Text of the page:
Letter: Why we stand

As I read the (Oct. 23) edition of the Daily Miner covering the 8th grader that refused to stand for the Pledge of Allegiance, I began to ask myself, “What does this young girl know about the privilege to live in the United States of America?”

What does she know about the men who stood against the British in 1776 to give us our Constitution? How about the men who stood against the British again in 1812? The men who stood again in 1861-1865 to keep America whole? What about the men who stood together on the front lines in France in 1918? Then they had to stand together again in 1941? In Korea, in 1950? Viet Nam in 1965? In 1991, to assist the Kuwaitis against Iraq? Do you remember September 11, 2001?

I know these men. My family members fought in 1776, 1861, my grandfather in 1918, my father in 1941, my uncles in 1950, cousins in 1965 and then myself at the end. I served in 1991 (Kuwait) and 2003 (Iraq). My only son for 20 years, in the Air Force as a pararescueman, with 10 trips to Iraq and Afghanistan and two major surgeries for injuries sustained.

Nephews and good friends who served in combat operations. I served in the U.S. military for 33 in the regular Army and Reserve. I retired as a sergeant major and I now receive benefits from the Veterans Administration for combat-related injuries.

You watched some football player who took a knee because he feels bad for some other Americans. And now you want to be like him.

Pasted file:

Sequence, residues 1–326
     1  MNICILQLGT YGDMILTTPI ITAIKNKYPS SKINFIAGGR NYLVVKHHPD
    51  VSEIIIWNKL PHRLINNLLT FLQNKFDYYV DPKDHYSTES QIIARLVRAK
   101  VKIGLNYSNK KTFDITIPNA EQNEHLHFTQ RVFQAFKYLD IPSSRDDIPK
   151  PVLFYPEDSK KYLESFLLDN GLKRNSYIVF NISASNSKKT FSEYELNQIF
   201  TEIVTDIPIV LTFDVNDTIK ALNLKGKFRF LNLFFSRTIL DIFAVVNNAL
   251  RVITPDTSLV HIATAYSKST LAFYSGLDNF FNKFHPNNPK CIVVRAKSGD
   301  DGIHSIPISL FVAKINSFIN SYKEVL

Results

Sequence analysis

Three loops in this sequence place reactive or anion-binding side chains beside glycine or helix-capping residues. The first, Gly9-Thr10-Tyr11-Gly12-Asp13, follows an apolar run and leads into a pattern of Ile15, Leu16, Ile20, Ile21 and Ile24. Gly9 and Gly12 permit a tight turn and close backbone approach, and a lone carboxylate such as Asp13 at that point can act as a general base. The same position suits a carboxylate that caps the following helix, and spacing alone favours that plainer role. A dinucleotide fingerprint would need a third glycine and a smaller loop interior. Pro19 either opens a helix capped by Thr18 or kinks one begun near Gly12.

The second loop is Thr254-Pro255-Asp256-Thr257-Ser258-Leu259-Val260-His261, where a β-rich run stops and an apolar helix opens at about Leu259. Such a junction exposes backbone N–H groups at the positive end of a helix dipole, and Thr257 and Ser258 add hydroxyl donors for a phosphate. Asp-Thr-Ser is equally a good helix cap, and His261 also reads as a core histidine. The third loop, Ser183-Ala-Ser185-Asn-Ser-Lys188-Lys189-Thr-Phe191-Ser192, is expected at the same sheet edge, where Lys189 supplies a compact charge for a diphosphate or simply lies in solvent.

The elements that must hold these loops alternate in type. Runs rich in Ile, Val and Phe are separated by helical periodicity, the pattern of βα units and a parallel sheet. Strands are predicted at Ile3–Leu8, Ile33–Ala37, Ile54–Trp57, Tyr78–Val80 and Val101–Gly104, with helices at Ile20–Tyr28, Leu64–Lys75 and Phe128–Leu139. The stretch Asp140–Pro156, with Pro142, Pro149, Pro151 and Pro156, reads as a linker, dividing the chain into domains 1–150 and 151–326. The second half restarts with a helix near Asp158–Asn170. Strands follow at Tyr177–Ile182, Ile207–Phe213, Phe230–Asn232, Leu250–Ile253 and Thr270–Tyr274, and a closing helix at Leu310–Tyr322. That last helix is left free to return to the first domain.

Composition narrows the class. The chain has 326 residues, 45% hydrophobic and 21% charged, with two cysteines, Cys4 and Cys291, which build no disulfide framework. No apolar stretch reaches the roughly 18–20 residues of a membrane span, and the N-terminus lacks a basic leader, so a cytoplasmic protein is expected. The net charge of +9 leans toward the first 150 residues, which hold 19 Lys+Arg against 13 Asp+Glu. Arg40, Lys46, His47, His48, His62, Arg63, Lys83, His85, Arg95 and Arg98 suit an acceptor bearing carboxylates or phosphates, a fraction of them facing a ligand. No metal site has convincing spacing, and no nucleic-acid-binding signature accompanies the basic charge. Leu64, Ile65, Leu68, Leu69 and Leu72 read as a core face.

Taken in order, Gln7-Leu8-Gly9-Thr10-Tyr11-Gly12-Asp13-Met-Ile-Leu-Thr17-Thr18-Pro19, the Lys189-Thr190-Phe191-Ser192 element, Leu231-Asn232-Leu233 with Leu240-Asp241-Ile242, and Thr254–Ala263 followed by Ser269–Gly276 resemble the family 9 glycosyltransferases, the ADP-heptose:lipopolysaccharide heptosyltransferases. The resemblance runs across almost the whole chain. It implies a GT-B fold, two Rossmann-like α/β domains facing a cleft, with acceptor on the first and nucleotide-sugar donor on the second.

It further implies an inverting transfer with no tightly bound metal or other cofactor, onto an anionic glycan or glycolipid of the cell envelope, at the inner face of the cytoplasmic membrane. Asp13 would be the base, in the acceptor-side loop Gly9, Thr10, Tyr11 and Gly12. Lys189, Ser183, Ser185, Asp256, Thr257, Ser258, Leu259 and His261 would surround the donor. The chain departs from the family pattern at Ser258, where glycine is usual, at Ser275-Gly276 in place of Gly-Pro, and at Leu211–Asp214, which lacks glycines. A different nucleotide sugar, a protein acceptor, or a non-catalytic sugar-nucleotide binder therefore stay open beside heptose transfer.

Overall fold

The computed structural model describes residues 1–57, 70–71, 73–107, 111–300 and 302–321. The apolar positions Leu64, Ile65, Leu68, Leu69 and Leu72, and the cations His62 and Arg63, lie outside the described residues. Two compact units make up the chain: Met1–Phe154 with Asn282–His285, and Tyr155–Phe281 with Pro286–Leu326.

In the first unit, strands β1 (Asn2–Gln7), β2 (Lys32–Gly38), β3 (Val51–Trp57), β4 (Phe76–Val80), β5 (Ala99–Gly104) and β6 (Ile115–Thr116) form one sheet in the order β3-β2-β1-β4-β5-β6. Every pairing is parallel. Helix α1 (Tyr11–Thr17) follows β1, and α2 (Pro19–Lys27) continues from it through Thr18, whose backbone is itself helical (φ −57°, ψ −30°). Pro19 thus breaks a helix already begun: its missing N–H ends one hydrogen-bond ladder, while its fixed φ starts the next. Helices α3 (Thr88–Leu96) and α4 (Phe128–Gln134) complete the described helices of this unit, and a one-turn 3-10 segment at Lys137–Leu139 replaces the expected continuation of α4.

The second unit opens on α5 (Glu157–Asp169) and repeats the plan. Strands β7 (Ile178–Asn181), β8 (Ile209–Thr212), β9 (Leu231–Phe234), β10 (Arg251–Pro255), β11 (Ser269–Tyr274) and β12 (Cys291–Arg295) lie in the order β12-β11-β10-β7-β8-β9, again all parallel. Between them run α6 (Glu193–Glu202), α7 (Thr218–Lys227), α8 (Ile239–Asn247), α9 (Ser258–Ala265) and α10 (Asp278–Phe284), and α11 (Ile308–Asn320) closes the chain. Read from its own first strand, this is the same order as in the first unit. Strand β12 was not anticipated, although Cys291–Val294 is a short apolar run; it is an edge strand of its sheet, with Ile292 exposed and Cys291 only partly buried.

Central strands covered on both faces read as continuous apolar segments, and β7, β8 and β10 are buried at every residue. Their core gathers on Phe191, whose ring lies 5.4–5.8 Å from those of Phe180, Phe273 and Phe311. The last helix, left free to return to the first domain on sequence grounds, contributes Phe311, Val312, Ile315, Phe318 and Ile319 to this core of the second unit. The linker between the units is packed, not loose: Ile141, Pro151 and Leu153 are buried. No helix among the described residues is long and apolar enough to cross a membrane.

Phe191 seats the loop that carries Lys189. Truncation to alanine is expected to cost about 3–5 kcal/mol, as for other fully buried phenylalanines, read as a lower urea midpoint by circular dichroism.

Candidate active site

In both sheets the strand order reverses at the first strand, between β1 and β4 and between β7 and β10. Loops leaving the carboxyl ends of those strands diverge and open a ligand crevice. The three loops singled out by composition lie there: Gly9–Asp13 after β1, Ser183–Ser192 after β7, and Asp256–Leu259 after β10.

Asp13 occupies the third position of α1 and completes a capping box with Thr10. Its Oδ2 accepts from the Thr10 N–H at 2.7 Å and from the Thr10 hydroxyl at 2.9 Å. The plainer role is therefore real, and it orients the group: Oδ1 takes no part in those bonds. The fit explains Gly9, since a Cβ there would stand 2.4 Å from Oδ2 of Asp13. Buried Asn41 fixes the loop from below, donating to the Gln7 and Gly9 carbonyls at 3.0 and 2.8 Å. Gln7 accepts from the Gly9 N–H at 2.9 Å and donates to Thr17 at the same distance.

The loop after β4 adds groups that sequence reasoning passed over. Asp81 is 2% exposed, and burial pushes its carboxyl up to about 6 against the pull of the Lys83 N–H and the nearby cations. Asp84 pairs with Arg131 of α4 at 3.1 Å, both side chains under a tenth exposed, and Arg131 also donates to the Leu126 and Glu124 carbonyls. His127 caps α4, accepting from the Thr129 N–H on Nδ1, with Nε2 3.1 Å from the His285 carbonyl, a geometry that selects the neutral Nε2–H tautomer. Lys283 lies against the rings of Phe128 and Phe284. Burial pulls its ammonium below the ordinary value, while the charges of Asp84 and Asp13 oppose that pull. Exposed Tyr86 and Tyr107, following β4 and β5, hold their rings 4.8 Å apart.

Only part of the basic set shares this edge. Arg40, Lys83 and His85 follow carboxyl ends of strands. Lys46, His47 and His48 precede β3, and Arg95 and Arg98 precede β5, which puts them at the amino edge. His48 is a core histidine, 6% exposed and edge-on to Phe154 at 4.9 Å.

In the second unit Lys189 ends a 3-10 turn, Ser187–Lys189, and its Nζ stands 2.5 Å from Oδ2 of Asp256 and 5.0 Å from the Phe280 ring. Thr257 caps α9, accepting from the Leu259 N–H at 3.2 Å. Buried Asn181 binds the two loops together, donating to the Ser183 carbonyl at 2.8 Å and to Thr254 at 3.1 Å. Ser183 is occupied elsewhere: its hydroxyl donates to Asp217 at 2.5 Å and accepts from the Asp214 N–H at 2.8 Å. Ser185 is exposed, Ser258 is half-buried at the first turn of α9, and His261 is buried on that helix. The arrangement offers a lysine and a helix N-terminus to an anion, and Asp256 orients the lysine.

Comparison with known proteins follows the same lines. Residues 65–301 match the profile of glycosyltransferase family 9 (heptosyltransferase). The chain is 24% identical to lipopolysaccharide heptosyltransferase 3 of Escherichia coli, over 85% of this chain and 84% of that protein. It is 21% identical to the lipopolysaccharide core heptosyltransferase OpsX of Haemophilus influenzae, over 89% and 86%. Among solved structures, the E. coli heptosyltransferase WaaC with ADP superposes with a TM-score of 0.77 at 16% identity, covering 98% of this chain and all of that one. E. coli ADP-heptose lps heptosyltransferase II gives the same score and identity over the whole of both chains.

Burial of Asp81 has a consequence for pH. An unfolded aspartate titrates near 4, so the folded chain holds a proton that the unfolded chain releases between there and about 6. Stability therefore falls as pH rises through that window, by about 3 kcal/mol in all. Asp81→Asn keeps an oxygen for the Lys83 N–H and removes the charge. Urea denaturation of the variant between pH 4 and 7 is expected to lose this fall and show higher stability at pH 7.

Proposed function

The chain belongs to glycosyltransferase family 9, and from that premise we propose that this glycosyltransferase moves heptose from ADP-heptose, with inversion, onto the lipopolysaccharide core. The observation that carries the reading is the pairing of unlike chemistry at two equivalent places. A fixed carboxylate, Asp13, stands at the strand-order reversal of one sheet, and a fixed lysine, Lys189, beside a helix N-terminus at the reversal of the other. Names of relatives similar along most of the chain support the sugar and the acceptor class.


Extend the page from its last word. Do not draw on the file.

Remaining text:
What do you know about the Irish, Italians and the Chinese that were treated as badly as any slave ever was? What do you know about their plight in America? Before you place hero status on a person who is paid millions a year to play a sport, think about the real hero who is paid less than Arizona minimum wage to serve in the military of this great nation.

You can sit in your seat as the ACLU tells you it’s your right to.

The Constitution and the millions of service people who have fought and died for that piece of paper gives you that right.

But you, young lady, as you sit on your backside in your chair in the classroom, who has done nothing to earn that right except to be born in America, think of the people around the world who would take your place in a heartbeat and they would stand at attention to have that right to take the pledge you refuse to.

God bless the United States of America.

Wesley Maroney

Sergeant Major,

U.S. Army, Ret.

Kingman